141 F3d 1181 United States of America v. Maldonado-Medina
141 F.3d 1181
United States of America, Plaintiff-Appellee,
Alfonso MALDONADO-MEDINA, Defendant-Appellant.
D.C. No. CR-97-00883-IEG.
United States Court of Appeals,
Submitted Mar. 10, 1998**.
Decided Mar. 17, 1998.
NOTICE: Ninth Circuit Rule 36-3 provides that dispositions other than opinions or orders designated for publication are not precedential and should not be cited except when relevant under the doctrines of law of the case, res judicata, or collateral estoppel.
Appeal from the United States District Court for the Southern District of California Irma E. Gonzalez, District Judge, Presiding.
Before FLETCHER, BEEZER, and LEAVY, Circuit Judges.
Alfonso Maldonado-Medina appeals his 188-month sentence imposed following his guilty plea to importation of marijuana in violation of 21 U.S.C. §§ 952 and 960 and possession of marijuana in violation of 21 U.S.C. § 841(a)(1). We have jurisdiction under 28 U.S.C. § 1291, and we affirm.
Maldonado-Medina contends that the district court erred by calculating his base offense level based on methamphetamine seized from his truck because he claims that he believed he was importing only marijuana. This contention lacks merit because the base offense level is properly based on the controlled substance actually imported "whether or not the defendant knows either the volume or the nature of the substance." See United States v. Salazar, 5 F.3d 445, 446 (9th Cir.1993); see also United States v. Wong, 2 F.3d 927, 930 (9th Cir.1993) (rejecting a due process challenge to the relevant conduct provisions of the Sentencing Guidelines). To the extent that Maldonado-Medina suggests that Salazar should be overruled, only a panel sitting en banc may overturn existing Ninth Circuit precedent. See United States v. Camper, 66 F.3d 229, 232 (9th Cir. 229, 232 (9th Cir.1995).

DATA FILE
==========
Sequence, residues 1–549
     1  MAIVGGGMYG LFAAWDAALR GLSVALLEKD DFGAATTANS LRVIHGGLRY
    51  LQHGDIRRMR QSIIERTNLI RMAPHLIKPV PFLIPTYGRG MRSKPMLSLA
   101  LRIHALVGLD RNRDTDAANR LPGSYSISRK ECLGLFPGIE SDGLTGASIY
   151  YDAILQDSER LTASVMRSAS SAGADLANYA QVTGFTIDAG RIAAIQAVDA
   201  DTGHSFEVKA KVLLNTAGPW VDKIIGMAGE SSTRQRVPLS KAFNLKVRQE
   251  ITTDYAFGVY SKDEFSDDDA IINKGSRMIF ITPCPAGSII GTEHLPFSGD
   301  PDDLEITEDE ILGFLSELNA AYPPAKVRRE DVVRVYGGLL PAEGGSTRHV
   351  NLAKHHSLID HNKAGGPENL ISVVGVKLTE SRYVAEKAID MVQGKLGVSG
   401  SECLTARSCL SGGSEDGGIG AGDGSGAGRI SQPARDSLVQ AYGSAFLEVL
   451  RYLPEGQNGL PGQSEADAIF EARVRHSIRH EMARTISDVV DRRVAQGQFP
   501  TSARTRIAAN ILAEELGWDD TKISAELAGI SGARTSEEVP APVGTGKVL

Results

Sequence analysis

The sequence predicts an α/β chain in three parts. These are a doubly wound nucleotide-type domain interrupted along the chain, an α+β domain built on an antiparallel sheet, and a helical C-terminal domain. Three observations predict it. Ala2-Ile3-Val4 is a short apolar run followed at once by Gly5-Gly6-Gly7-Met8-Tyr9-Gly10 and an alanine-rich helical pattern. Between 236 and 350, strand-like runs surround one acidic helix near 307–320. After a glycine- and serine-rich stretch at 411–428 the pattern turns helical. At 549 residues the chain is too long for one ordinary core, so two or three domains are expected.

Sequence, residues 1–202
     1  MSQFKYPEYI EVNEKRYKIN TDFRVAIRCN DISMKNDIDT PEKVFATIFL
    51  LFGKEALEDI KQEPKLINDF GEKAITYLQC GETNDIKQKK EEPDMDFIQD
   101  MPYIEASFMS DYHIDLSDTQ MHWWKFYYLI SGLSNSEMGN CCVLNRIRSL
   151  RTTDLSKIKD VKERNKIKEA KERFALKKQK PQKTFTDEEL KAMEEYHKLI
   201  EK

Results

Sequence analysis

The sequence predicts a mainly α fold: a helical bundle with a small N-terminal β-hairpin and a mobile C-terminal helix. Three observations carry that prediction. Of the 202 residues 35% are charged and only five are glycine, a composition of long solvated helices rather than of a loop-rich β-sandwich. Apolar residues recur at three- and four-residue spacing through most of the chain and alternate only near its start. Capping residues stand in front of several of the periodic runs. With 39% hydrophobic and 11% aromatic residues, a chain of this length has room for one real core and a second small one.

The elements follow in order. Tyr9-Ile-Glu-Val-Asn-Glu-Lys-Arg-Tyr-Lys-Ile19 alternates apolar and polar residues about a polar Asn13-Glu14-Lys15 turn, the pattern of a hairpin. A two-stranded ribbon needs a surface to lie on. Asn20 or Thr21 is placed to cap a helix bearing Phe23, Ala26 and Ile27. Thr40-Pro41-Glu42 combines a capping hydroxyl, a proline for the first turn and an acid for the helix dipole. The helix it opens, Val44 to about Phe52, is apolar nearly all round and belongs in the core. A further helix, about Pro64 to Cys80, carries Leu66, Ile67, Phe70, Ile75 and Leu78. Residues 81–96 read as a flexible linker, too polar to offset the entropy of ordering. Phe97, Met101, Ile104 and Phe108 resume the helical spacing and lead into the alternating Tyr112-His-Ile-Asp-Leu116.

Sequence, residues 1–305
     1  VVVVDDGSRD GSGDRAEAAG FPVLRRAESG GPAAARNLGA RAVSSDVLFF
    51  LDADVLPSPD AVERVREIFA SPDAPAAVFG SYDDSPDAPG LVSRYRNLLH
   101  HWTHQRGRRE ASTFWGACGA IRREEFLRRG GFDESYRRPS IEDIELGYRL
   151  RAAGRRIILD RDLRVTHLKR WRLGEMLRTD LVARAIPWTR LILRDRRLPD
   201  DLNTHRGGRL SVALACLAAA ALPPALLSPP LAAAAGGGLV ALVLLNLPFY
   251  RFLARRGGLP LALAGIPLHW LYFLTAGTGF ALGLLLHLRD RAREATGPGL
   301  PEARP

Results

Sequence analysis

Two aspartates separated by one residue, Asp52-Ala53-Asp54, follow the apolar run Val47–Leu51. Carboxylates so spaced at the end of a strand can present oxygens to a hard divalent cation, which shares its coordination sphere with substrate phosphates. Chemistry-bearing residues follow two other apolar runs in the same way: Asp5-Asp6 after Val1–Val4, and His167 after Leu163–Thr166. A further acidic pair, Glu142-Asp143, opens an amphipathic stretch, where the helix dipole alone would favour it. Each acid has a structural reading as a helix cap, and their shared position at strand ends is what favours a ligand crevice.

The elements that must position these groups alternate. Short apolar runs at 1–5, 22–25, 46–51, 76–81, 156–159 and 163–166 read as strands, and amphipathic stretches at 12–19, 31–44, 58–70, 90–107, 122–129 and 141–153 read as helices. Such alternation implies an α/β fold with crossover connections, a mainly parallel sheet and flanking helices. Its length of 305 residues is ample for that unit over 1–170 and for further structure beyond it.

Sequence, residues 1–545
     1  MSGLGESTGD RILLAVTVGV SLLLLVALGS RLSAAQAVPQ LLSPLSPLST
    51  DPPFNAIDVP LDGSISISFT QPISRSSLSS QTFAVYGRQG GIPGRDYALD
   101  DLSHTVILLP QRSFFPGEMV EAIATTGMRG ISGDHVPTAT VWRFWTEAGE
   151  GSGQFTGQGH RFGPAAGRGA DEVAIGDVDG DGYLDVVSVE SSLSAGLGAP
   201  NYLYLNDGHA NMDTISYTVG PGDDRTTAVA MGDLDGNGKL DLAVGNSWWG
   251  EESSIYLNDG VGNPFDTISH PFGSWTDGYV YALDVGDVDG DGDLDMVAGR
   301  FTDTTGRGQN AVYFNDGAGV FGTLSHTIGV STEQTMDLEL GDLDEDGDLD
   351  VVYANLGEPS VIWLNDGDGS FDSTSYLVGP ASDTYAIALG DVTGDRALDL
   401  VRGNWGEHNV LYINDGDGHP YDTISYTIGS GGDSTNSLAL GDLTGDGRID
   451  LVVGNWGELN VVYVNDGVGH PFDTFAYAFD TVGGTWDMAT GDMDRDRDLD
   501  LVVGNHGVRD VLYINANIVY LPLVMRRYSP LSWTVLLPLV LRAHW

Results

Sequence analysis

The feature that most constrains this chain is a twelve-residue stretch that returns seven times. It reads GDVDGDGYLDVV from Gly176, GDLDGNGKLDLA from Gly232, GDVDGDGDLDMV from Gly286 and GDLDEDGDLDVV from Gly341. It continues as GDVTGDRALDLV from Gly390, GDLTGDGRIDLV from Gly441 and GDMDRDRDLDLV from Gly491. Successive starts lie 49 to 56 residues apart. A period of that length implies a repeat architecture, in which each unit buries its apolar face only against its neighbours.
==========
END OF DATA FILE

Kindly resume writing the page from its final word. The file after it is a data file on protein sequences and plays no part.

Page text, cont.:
Maldonado-Medina also contends that his lack of knowledge as to the methamphetamine was a proper basis for downward departure. We lack jurisdiction to consider this claim because the district court recognized that it had discretion to depart downward but failed to do so in this case. See United States v. Webster, 108 F.3d 1156, 1158 (9th Cir.1997) (stating that a district court's discretionary refusal to depart downward is unreviewable).
Maldonado-Medina finally contends that the government improperly deprived him of the opportunity to receive a downward departure based on substantial assistance to the government pursuant to U.S.S.G. § 5K1.1. We disagree because Maldonado-Medina has not established that the failure to move for departure was based on unconstitutional motives or arbitrariness. See United States v. Burrows, 36 F.3d 875, 883-84 (9th Cir.1994).